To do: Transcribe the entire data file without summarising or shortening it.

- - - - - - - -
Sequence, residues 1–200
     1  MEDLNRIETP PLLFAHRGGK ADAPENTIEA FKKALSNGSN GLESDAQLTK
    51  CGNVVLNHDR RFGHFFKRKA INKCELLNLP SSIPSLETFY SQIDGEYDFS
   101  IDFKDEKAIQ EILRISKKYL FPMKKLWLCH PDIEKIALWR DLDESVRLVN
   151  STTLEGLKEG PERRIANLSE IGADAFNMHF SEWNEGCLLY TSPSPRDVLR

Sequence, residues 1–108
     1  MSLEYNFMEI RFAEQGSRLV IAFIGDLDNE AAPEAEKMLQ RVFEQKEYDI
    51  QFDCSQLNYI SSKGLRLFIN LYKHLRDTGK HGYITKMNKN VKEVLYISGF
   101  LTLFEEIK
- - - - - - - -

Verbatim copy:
Sequence, residues 1–200
     1  MEDLNRIETP PLLFAHRGGK ADAPENTIEA FKKALSNGSN GLESDAQLTK
    51  CGNVVLNHDR RFGHFFKRKA INKCELLNLP SSIPSLETFY SQIDGEYDFS
   101  IDFKDEKAIQ EILRISKKYL FPMKKLWLCH PDIEKIALWR DLDESVRLVN
   151  STTLEGLKEG PERRIANLSE IGADAFNMHF SEWNEGCLLY TSPSPRDVLR

Sequence, residues 1–108
     1  MSLEYNFMEI RFAEQGSRLV IAFIGDLDNE AAPEAEKMLQ RVFEQKEYDI
    51  QFDCSQLNYI SSKGLRLFIN LYKHLRDTGK HGYITKMNKN VKEVLYISGF
   101  LTLFEEIK